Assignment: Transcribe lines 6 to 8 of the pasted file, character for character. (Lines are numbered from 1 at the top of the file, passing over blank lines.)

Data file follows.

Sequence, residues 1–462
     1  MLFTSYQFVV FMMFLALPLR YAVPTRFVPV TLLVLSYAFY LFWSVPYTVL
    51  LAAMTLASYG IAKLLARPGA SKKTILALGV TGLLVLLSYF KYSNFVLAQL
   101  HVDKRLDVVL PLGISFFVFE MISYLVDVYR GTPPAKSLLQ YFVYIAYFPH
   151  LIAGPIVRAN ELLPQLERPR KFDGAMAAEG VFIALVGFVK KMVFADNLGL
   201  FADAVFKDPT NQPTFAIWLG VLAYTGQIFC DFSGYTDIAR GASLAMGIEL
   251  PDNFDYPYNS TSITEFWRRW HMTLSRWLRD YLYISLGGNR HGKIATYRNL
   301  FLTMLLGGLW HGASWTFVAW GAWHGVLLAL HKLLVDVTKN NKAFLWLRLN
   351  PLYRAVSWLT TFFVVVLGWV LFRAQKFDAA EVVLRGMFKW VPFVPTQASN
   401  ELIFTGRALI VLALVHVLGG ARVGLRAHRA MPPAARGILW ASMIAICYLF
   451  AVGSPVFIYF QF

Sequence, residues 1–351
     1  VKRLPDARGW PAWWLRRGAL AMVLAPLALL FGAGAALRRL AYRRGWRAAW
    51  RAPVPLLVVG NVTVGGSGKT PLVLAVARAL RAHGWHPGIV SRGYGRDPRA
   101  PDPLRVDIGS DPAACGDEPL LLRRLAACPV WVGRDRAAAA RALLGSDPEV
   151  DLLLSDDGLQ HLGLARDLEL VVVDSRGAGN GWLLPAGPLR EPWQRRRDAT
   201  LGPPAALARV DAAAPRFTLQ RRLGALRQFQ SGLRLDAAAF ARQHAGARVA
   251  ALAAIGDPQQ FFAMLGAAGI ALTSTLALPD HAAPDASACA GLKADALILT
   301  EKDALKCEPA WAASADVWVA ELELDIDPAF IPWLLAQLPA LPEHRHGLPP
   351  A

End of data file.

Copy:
   201  FADAVFKDPT NQPTFAIWLG VLAYTGQIFC DFSGYTDIAR GASLAMGIEL
   251  PDNFDYPYNS TSITEFWRRW HMTLSRWLRD YLYISLGGNR HGKIATYRNL
   301  FLTMLLGGLW HGASWTFVAW GAWHGVLLAL HKLLVDVTKN NKAFLWLRLN